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Farmers are chartering planes to beat the coronavirus lockdown and save their crops

CNN logo CNN 4/16/2020 By Hanna Ziady, CNN Business
A foreign guest worker carries a crate of freshly cut green asparagus shoots on a farm, operated by Hugo Simianer & Sons, at sunrise in Beelitz, Germany, on Tuesday, May 29, 2018. German agribusiness BayWa AG is seeking to tap more niche markets as crops such as wheat and soybeans fail to generate the profits they once did, a problem affecting grains traders around the world. Photographer: Krisztian Bocsi/Bloomberg via Getty Images © Krisztian Bocsi/Bloomberg/Getty Images A foreign guest worker carries a crate of freshly cut green asparagus shoots on a farm, operated by Hugo Simianer & Sons, at sunrise in Beelitz, Germany, on Tuesday, May 29, 2018. German agribusiness BayWa AG is seeking to tap more niche markets as crops such as wheat and soybeans fail to generate the profits they once did, a problem affecting grains traders around the world. Photographer: Krisztian Bocsi/Bloomberg via Getty Images

Farmers in the United Kingdom, Germany and Canada are using charter flights to bring in thousands of seasonal migrant workers as coronavirus shutdowns threaten the supply of labor during spring and summer harvests.

Air Charter Service, which bills itself the largest aircraft charter broker in the world, said its first flight from Romania into the United Kingdom landed Thursday, carrying 150 workers. It has another five or six flights in the pipeline, all of which have been arranged with farmers' cooperative G's Growers, said commercial jets director, Matthew Purton.

"This is a completely new line of business for us," Purton added.

The price per ticket on a charter plane is almost double the cost of seats on low-cost carriers such as Ryanair and EasyJet, which would ordinarily transport seasonal workers, according to Purton. But with most aircraft grounded and airlines operating vastly reduced flight schedules farmers have opted to charter planes.

Air Charter Service has also flown almost 1,900 people mostly from Romania into Germany on 13 flights and expects to do more. It has moved 170 migrant farm workers from Mexico to Canada, Purton said.

Farm workers have been deemed essential workers by most countries, meaning they can continue to work even during national lockdowns that require most people to stay at home. But border closures in Europe and a virtual shutdown in global aviation has left countries that rely heavily on seasonal migrant workers facing labor shortages.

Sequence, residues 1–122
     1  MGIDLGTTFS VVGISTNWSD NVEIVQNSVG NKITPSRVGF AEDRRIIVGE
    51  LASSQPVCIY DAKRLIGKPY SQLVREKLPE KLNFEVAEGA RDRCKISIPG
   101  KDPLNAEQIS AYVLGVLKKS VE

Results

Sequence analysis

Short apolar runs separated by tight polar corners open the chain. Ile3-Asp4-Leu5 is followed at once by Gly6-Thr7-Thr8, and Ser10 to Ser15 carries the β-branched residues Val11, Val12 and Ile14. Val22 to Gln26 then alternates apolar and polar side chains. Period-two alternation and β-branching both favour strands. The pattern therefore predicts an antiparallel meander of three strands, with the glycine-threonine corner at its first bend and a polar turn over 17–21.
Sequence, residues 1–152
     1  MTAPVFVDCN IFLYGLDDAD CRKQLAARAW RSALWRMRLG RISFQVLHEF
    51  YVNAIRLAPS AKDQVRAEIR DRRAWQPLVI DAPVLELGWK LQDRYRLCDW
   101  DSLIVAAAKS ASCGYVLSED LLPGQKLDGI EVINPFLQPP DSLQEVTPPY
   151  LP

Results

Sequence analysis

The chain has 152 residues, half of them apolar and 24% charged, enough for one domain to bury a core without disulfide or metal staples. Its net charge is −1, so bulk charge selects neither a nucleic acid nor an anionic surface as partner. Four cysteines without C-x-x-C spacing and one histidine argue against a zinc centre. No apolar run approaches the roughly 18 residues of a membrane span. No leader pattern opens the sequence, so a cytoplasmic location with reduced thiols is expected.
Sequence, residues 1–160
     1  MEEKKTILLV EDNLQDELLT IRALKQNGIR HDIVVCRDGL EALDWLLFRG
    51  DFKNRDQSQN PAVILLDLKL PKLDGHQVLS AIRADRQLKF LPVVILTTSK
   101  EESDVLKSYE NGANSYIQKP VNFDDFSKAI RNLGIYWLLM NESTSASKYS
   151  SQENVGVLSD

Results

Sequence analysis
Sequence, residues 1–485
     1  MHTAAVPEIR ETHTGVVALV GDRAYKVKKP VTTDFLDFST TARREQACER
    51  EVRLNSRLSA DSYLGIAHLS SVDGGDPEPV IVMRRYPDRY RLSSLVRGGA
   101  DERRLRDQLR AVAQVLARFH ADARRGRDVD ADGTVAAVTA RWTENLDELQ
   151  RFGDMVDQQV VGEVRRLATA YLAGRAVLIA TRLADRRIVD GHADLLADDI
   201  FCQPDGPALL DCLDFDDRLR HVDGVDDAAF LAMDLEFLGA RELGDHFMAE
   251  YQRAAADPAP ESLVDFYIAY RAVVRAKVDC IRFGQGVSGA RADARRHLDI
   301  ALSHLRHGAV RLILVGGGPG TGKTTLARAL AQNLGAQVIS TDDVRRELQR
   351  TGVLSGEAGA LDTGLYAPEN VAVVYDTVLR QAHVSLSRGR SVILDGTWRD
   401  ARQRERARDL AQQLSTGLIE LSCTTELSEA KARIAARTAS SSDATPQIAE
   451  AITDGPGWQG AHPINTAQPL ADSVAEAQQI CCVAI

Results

A lack of farm workers would further stretch food supply chains that have been under huge pressure from restrictions on travel and shipping, and waves of panic buying by consumers worried about the coronavirus.

Eurowings, which is owned by Lufthansa, said in a statement Thursday that it has flown more than 3,000 workers from Romania into Germany since April 9 as part of an "airlift for farmers" agreed between the airline and farmer associations. The company expects to complete more than 100 flights in the coming weeks as part of the initiative, which is in response to an anticipated shortfall of 100,000 harvest workers in the country.

Germany has agreed to allow a total of 80,000 migrant seasonal workers to enter the country in April and May, provided they pass a health check on arrival, according to a statement from the minister of food and agriculture.

British farms will need up to 80,000 seasonal workers this year, according to the UK's National Farmers' Union, which has been campaigning to get furloughed workers and university students to "pick for Britain."

The UK government is allowing furloughed workers relying on state support to collect wages through a second job and has also introduced a temporary licensing program for employment agencies that want to support food production, according to NFU vice president Tom Bradshaw.

The results have so far been mixed. Concordia, a major recruiter of seasonal farm workers, said that only 5,500 of the 33,500 mostly UK citizens who expressed interest in paid positions on farms have opted to interview for a role. Half of the applicants have lost their livelihoods due to the coronavirus outbreak, Concordia said in a statement.

"Growers that rely on seasonal workers to grow, pick and pack our fresh fruit, veg and flowers are extremely concerned about the impact coronavirus restrictions may have on their ability to recruit this critical workforce this season," Bradshaw said.

But moving people around is not without risk.

Officials in Germany confirmed Thursday that a seasonal harvest worker from Romania who had been working on an asparagus farm died from coronavirus on April 11. A second person on the farm was found to be carrying the virus and people who have been in contact with the deceased are being monitored by the local health department.

— Fred Pleitgen contributed reporting.

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